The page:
Getting Started With PLY
source link: https://alexgaynor.net/2008/nov/08/getting-started-ply/
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Getting Started With PLYSat, Nov 8, 2008
The other day I mentioned I was using PLY in my post about building a language, so today I’m going to describe getting started with PLY, specifically the tokenization phase. For those who don’t know much about parsing a language, the tokenization phase is where we take the source file, and turn it into a series of tokens. For example, turning a = 3 + 4 into, NAME EQUALS 3 PLUS 4. As you can see that simple assignment becomes 5 tokens, each number is a token, both numbers are tokens, and a is a NAME token. So how do we do this in PLY?
PLY’s method for defining tokenization rules is very creative. First you define a list of tokens, for example:
tokens = ( 'NUMBER', 'PLUS', 'MINUS', 'TIMES', 'DIVIDE', )
Here we have defined the types of tokens we will define, what each of these is should be self explanatory. Then we define some rules, they look like this:
t_PLUS = r'\+' t_MINUS = r'-' t_TIMES = r'\*' t_DIVIDE = r'/' def t_NUMBER(t): r'\d+' try: t.value = int(t.value) except ValueError: t.value = 0 return t
This is probably less obvious. There are 2 ways to define the rules for a token, either as a string, or as a function. Either way they are named t_TOKEN_NAME. For a lot of tokens you can just do the string, those are the ones that don’t require processing, and the string is just a regex that matches the token. For things that do need processing, we can define a function. The function takes 1 parameter, which is a lexer object, as you can see in our example, we take in t, and since we are defining a number token we set the value to be the integer for the string representation from the source code. The interesting thing here is how we define the rule for, PLY uses the docstring for a function to get the regex for it.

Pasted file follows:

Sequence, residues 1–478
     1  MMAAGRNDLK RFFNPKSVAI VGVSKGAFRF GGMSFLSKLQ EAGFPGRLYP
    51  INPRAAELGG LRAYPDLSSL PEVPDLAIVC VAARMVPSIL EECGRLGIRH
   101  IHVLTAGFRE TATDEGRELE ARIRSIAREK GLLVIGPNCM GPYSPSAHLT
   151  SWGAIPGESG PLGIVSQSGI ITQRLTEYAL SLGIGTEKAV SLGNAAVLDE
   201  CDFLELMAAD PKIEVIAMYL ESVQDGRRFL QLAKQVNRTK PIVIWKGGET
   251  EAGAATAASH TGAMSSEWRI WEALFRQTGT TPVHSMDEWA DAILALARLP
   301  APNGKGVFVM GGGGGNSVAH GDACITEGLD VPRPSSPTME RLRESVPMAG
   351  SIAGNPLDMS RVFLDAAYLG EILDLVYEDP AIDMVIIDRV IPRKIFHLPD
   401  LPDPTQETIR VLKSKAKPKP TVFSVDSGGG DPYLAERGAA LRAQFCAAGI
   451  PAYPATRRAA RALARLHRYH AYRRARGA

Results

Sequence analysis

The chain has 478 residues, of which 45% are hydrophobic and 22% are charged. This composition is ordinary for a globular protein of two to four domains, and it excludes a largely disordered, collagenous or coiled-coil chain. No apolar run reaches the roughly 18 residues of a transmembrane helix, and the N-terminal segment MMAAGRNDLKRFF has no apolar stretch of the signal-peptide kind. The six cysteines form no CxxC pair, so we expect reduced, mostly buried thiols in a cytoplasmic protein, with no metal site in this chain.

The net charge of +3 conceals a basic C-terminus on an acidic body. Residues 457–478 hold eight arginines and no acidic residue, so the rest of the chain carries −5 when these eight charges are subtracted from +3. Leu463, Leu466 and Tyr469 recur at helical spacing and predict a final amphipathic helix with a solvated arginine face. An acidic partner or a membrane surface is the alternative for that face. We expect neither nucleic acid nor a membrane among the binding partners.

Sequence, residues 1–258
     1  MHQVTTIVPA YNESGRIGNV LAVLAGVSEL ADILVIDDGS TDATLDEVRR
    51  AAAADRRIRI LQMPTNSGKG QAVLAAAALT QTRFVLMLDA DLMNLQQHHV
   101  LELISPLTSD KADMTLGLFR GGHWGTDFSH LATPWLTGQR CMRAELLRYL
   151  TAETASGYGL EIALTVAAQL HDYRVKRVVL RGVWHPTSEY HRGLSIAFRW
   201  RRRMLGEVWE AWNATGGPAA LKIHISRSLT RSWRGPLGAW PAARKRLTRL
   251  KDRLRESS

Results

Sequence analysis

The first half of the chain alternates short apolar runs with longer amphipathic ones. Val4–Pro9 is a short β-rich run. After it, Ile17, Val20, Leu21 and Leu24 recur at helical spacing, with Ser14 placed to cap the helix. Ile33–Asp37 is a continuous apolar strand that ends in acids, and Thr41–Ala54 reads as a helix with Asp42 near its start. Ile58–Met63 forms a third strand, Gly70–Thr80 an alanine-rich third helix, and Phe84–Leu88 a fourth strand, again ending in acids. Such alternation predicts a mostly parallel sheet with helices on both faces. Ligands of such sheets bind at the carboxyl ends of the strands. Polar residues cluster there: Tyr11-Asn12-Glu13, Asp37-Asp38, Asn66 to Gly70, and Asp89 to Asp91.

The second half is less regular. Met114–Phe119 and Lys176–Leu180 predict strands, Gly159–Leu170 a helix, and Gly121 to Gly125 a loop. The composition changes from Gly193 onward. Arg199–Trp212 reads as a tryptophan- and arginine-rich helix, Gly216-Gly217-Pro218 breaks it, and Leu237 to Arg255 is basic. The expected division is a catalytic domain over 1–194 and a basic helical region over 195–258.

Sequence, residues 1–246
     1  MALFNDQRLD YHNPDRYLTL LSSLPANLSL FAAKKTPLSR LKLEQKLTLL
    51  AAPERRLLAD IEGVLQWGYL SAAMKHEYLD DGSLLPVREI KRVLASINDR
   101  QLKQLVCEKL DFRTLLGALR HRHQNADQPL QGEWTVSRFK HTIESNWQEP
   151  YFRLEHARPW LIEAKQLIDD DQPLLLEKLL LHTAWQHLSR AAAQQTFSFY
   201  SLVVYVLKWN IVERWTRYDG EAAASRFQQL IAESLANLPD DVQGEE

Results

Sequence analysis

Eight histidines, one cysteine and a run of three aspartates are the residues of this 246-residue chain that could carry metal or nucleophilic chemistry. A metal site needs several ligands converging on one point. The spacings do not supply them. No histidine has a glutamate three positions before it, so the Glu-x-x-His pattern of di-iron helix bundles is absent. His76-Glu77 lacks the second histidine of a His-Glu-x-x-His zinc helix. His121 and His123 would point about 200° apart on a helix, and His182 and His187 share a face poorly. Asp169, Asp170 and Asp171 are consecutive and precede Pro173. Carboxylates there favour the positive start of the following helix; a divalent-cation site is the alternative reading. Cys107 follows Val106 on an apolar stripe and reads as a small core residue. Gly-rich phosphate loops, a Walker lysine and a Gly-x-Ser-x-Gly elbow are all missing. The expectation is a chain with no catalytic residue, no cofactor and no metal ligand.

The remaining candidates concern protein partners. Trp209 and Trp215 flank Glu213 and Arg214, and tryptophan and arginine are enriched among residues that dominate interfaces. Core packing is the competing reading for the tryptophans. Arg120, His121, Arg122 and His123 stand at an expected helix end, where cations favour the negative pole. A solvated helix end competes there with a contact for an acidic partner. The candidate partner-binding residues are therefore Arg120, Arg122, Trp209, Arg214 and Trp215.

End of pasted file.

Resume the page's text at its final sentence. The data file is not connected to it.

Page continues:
Now that we have all of our rules set up we need to actually build the lexer object:
lexer = lex.lex()
And then we can use the input() function on a lexer to provide the source code, and the token function to pop the next token off the lexer.
That’s all for today, in the future we’ll take a look at the other components of building the grammar of a language, and at how we implement it. For more information now, PLY has excellent documentation, available here.
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